Rugby League: Pendlebury heals Halifax rifts

looks at the reunited face of a side with a demanding day ahead
Click to follow
The Independent Online
HALIFAX'S players go into one of their most demanding matches of the season this evening still reeling from the confusing events of the week. For 24 hours, they did not know whether their coach, John Pendlebury, was coming or going. On Wednesday night Pendlebury resigned, blaming a lack of unity and communication at boardroom level for his decision.

"All the players were in a state of shock," said the Halifax scrum-half, Gavin Clinch. "No one knew anything about it until the following morning. We had a team meeting and everyone was hoping that he would come back."

They got their wish that night when the club persuaded Pendlebury to return to his duties after his brief departure. It says much about him and his quiet effectiveness that both board and players wanted him back; most resignations are accepted without too much argument but Pendlebury's was an exception.

As a player he was a forward who made up in intelligence for his lack of size and speed. As a coach, although never particularly comfortable with microphones and notebooks stuck in his face, he has become well regarded by his players as someone who gets on with the job.

"I haven't heard anyone say a bad word about John since I've been here," said Clinch. "I've found him to be a really good coach and he's got everyone working together. This would have been a terrible time of the season to have lost him, with matches against Bradford and St Helens coming up."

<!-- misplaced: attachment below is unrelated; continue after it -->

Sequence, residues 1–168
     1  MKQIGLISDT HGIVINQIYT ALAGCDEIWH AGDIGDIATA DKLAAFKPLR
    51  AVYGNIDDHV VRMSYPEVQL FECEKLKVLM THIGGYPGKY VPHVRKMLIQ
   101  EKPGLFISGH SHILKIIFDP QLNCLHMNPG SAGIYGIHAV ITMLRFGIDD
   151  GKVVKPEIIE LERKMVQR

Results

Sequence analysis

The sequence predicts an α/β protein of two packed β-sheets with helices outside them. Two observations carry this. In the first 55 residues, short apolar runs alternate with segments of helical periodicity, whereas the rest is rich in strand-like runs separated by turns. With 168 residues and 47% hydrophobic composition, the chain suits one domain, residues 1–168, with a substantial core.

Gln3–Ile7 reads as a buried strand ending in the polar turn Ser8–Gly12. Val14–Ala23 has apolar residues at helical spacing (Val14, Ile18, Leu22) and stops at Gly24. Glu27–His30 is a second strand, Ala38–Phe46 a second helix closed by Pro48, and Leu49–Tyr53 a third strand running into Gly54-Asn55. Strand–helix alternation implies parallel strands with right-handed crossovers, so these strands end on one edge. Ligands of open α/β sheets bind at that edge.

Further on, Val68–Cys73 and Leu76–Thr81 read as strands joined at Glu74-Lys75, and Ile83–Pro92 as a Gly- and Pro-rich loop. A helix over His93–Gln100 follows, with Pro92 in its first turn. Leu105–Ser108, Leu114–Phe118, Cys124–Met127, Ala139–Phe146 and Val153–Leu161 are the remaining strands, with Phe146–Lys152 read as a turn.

They do not now have to negotiate those hurdles without Pendlebury, although what affect the week's uncertainties have had on their preparations is anyone's guess. Halifax have won three of their first five matches, with the only really disappointing result being their defeat to Warrington at Wildespool last week.

"But I don't think that had much to do with John resigning, because our start has been pretty good overall," said Clinch, whose own contribution has been one of the reasons that Halifax have looked more convincing this season.

Few knew his name when the club announced that they had signed him from the Sydney side St George, but if they had wanted a testimonial for him they would have to go no further down the road to this evening's opponents.

The Bradford coach, Matthew Elliott, is a firm admirer of Clinch's ability. "Most people might not have been too excited when they heard Halifax had signed him, but I was, because I knew what he could do," he said.

As an emerging talent, Clinch captained Cronulla's Under-21 side, coached incidentally by Stuart Raper, now with Castleford. "He controlled the whole team and there were some pretty good players in that side," recalled Elliott, whose attempts to lure him across to St George did not bear fruit until after he had left for Bradford. "I was confident he would develop into a good first-grade player," he said. It did not quite work out that way for Clinch, who held down the first-team spot only intermittently last season and read the writing on the wall when the club signed a new scrum-half for this year.

"They didn't show enough patience with him," said Elliott. "The ability has always been there, but it's a confidence thing with him. He could become as important for Halifax as Mark Aston is for Sheffield. He has leadership qualities that are now being allowed to be developed."

Even with the question of who coaches them now apparently resolved, Halifax will need Clinch's leadership qualities - and those of his captain, Karl Harrison, freed to play after being found "not guilty" on a high-tackle charge - more this weekend than most.

Comments